Shortly after actress Tracy Wright was diagnosed with terminal cancer, Toronto’s film community swung into action to create a starring role for one of Canada’s most under-appreciated and best-loved actresses. But the result is no act of charity: Trigger is superb. Molly Parker and Wright co-star as Kat and Vic, former rockers who are reunited a dozen years after the breakup of their band Trigger. They’ve gone their separate ways: Kat is the pretentious L.A. showbiz type, Wright the acerbic bohemian. Aside from some cameos, Trigger unfolds as a two-hander, a feast of wall-to-wall dialogue along the lines of My Dinner With Andre. But while it begins in a restaurant, the conversation goes on the move as the women head into the night, to a reunion concert, an after party, a park bench. The dialogue, brilliantly crafted by Daniel McIvor, crackles with recrimination, rivalry, competing addictions and blunt inquiry into the Big Questions. Bruce McDonald, who’s proving to be a master at capturing spontaneous moments (This Movie is Broken) directs with an elegant, unobtrusive eye, as Tracy and Parker deliver a master class in acting via luxurious stretches of unbroken dialogue. Witty, moving and immensely satisfying, Trigger is a real gem, and far better than a movie so quickly slapped together has any right to be. It says a lot about what can be accomplished when filmmaking is fired with urgent devotion to a common purpose.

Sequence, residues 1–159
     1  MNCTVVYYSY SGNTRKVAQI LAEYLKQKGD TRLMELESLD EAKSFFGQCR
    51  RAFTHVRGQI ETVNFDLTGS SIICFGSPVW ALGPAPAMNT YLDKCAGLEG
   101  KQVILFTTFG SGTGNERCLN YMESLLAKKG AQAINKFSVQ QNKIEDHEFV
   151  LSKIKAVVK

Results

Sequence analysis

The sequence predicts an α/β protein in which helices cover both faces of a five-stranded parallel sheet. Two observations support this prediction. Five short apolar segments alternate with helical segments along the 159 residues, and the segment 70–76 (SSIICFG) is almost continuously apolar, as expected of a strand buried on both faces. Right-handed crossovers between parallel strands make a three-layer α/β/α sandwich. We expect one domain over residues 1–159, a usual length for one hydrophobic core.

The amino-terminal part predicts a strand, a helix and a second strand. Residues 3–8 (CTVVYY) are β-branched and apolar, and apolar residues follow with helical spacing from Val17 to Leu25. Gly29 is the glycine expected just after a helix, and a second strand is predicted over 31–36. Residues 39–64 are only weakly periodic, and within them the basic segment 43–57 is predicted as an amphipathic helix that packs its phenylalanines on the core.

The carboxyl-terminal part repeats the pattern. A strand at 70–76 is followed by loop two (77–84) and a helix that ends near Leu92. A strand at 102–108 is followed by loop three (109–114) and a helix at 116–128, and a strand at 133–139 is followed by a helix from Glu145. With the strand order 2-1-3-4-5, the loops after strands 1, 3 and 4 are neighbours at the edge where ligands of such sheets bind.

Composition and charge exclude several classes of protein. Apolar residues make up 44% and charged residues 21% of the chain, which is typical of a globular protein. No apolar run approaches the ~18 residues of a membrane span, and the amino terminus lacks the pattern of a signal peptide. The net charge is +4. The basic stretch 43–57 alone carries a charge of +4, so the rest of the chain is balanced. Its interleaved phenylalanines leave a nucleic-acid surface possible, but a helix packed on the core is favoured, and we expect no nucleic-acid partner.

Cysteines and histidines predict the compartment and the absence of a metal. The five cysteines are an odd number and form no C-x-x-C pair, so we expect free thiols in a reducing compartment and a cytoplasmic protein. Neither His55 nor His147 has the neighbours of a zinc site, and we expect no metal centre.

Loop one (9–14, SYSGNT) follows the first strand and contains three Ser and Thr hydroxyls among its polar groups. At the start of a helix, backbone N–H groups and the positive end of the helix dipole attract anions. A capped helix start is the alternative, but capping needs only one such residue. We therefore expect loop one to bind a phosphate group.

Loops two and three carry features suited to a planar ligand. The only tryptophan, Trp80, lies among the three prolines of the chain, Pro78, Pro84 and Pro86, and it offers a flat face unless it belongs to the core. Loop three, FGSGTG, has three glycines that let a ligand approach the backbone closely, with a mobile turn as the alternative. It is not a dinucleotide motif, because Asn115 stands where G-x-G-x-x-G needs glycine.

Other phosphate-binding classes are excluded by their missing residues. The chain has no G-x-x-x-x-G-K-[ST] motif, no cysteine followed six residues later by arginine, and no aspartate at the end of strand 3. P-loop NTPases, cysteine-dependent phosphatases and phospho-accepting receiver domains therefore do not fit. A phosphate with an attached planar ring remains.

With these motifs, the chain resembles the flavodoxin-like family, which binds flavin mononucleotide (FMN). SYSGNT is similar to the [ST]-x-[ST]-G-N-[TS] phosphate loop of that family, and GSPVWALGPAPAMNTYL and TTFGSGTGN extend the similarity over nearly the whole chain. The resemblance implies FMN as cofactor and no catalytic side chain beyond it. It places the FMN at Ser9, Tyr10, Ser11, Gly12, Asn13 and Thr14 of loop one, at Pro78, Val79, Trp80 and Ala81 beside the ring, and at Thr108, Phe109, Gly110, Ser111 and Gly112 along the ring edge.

Trigger premieres at TIFF Sept. 12 with an additional screening Sept. 18